We are looking for volunteers for a project investigating vocal behaviour at the nests of grey fantails, which are small, monomorphic Australian flycatchers. These birds sing and call while they are sitting on their nest, which seems like it would attract predators, making the young birds more likely to get eaten. We are trying to find out how often and why they do this, and whether it does make them more noticeable to predators. The work will be remote, and includes watching (and rewatching!) nest exchanges to identify birds by their colour bands, and documenting behaviours on the nest, especially songs and calls, that are important for our research project. You will be watching videos of incubation and chick rearing, so will see behaviours such as nest exchanges, chick feeding, removal of fecal sacs, and more. Other work will include looking at songs to categorize them by song type. You will be using video and acoustic software (free downloads) to document behaviours of interest, and so will need a functioning computer and headphones.
Your contribution will include one of two major tasks 1) watching videos recorded at the nest during different stages of breeding, and recording when the birds perform certain behaviours, like getting on and off the nest, turning eggs, feeding chicks, and, of course, songs and calls, or 2) using acoustic software to help sort and extract song types.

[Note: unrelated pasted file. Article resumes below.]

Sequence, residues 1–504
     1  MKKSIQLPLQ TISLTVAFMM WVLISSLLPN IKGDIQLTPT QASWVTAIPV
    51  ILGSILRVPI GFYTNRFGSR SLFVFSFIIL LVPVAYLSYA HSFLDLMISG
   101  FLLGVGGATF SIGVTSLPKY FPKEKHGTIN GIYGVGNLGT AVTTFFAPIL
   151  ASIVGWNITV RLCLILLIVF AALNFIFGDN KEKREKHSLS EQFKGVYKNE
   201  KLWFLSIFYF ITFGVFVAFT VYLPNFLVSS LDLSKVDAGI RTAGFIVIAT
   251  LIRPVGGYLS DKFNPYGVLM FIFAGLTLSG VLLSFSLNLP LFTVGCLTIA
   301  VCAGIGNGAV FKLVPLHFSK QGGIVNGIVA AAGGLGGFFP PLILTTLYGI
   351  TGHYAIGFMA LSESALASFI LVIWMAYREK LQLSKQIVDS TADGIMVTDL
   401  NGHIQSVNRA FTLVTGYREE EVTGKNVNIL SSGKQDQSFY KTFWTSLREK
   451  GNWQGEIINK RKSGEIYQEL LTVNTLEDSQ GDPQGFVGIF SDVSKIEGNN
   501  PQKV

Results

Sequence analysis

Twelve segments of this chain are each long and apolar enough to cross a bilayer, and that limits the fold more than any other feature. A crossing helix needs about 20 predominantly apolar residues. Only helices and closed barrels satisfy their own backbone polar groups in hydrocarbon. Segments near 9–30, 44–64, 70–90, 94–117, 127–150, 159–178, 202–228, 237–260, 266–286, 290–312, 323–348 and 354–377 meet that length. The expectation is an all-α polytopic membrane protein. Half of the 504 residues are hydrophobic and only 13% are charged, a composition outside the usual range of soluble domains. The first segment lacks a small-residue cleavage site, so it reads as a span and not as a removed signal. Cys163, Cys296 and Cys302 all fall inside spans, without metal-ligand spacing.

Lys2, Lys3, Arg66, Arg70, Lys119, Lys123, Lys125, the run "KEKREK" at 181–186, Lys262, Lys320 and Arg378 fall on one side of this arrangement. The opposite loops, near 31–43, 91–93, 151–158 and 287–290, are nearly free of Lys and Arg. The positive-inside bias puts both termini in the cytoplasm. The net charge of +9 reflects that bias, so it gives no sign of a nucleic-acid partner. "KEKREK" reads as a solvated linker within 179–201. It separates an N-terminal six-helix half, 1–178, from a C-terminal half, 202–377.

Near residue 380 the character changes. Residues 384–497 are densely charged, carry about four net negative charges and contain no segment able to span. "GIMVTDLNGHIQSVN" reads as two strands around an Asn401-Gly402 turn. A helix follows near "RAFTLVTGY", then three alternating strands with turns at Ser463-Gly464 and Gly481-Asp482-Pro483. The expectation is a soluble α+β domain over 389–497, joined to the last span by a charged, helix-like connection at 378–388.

You will be expected to follow research protocols, working with two PhD students on their projects. For both options, you will need a computer to watch videos and record data (PC works better for watching videos), and speakers or headphones that work well enough to hear small sounds on the nest. Additionally, you will need internet to access the google drive and to download and upload files and programs such as BORIS (the program we will use to record behaviours), and RavenLite (acoustic program). For video watching, birds have to be identified by small colour bands on their legs, so you will need colour vision, and both require the ability to hear bird sounds.
If you are interested in gaining research experience from the comfort of your own home in ecology, bioacoustics, and animal behaviour, or if you enjoy birds and contributing to citizen science, then this might be a good opportunity for you. There is a small amount of training involved, and because of this we ask that you commit 20 hrs a week for the first two weeks, then a minimum of 10 hrs weekly afterward.
To learn more, send an email about your interests/experience, availability, and any questions to Kristin White (kakovach.217 AT gmail.com) and Nadya Sotnychuk (nadya.sotnychuk.2016 AT owu.edu) with the subject ‘Grey Fantail Video/Audio Volunteer 2020’. Serious inquiries regarding the project and position are welcome.